The desire for marketers to be able to measure the success of their campaigns has been growing and growing. We recently released improved reporting functionality on our platform as a result of a clear demand for it.
Better reporting capabilities have some serious implications for marketers—less guesswork and more confidence in knowing what works.
It’s important to remember, though, measuring the success of your marketing campaigns is not an end in and of itself. The reports ultimately aren’t that important, it’s what you do with them that matters.
That is the difference between marketing performance management and marketing performance measurement.
So what is marketing performance management? CMG Partners, a marketing consulting firm define marketing performance management as “the discipline and practice of measuring, learning from and improving marketing strategies and tactics over time.”
This serves as a good definition to exhibit that it’s more than just measurement. Measuring marketing performance is just one component under the umbrella of marketing performance management.
Having said that, measurement and measurement planning is a good place to start when outlining your marketing performance management landscape.
Keys to Measuring Marketing Performance
When defining the performance measures, there are a few different things you should think about.
In the book Key Performance Indicators (KPI): Developing Implementing and Using Winning KPIs, David Parmenter identifies four types of performance measures:
- Key results indicators (KRI), which reflect performance related to a critical success factor.
- Result indicators (RI), which reflect what was done, what was achieved.
- Performance indicators (PI), which reflect what needs to be done.
- Key performance indicators (KPI), which indicate what needs to be done in order to increase performance dramatically.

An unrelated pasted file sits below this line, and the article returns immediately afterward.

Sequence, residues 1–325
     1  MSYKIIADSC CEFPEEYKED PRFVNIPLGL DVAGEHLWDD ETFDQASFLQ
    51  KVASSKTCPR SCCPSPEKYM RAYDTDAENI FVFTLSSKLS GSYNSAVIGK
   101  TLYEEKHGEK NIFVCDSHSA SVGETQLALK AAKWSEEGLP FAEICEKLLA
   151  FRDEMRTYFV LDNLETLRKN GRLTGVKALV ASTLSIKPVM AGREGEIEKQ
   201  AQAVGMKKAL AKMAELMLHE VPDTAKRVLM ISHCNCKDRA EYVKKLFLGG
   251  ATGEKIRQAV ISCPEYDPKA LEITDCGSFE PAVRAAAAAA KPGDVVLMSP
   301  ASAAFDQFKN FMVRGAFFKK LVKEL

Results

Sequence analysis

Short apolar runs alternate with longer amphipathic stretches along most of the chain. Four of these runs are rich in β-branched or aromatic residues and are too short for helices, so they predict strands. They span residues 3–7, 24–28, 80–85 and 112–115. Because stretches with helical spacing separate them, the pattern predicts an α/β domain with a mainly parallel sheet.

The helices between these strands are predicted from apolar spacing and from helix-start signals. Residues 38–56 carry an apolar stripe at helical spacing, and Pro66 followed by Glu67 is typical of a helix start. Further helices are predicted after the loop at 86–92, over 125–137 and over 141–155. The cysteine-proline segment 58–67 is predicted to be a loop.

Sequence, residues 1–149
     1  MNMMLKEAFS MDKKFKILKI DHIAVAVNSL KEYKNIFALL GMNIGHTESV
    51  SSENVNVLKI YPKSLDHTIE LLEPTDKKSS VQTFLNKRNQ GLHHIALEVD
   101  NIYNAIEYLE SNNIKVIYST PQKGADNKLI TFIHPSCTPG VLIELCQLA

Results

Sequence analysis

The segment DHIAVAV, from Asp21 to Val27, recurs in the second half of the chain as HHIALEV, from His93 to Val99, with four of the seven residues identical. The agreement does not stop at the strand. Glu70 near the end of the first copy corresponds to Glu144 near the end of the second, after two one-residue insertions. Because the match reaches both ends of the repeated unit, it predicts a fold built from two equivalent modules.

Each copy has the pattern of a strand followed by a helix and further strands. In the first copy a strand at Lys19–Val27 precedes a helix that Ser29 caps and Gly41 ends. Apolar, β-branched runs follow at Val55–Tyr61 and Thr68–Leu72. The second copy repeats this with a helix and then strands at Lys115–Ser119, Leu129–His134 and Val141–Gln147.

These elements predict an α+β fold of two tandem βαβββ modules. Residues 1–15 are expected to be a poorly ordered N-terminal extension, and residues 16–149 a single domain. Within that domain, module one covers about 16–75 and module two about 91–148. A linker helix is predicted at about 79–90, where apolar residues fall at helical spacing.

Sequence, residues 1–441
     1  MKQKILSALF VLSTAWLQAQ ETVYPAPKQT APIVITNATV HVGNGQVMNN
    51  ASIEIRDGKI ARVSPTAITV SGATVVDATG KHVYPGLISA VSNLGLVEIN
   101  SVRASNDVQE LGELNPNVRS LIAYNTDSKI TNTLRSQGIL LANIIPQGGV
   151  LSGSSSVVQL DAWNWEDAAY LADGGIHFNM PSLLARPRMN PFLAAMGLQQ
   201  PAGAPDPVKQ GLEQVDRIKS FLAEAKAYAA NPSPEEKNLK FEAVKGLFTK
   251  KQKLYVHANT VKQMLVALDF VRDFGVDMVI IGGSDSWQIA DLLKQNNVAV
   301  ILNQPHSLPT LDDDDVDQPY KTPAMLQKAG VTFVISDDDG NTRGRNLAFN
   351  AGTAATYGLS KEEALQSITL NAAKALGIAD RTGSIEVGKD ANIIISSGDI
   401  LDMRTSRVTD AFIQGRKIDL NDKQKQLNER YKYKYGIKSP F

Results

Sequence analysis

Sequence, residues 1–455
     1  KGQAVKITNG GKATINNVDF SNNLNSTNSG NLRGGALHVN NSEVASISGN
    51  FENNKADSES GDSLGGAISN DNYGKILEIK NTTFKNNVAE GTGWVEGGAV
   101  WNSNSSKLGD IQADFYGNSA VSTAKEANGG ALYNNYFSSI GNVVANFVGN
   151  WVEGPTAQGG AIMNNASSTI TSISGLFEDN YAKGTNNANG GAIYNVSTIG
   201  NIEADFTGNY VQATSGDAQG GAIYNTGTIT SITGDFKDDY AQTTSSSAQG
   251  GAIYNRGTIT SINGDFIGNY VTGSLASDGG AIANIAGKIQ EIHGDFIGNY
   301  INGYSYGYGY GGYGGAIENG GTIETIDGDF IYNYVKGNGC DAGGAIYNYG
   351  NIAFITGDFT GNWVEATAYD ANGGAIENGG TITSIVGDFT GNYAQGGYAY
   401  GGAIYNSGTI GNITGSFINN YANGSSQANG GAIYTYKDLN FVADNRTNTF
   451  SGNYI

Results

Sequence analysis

In the book Marketing Management, it’s advised that all marketing measurements should have these qualities:
- Be as quantifiable financially as possible, so as to “speak the same language” with the other departments in the organization.
- Be future oriented (leading), rather than to reflect past performance (lagging).
- Allow a granular analysis of marketing performance (down to the level of individual client).
- Offer objective data, to enable accountability and benchmarking.
By combining these two philosophies, you’ll go a long way in establishing effective measurement strategies. And, in doing so, you’ll not only shed light on the value of your marketing team, but you’ll also put yourself in a good place to improve going forward.
If you’re looking for some specific metrics to implement into your strategy, take a look at this blog outlining nine must-know marketing metrics.
Analyzing your Marketing Metrics
Marketing teams play a role in helping to define the strategic direction of an organization. This being the case, it’s crucial that marketing departments use their resources to create an advantage over competitors—that, in a nutshell, is the primary function of marketing.
That means that the best marketing teams will have great insight into what initiative and campaigns were the most successful and contributed to the financial and overall success of a company.
In order to do that, all of the marketing metrics can’t exist in a vacuum, but rather an ecosystem in which they all are somehow related to one another.
This is why it’s smart to have a periodic audit of your marketing strategy and tactics, and this audit should be informed by the metrics you’ve been measuring. Use this audit to make sure that your strategies and objectives are working well, and make changes when necessary.
To make this more concrete, we can take a look at a hypothetical example. Let’s say you are a software company offering three different tiers of the same product with varying pricing and features.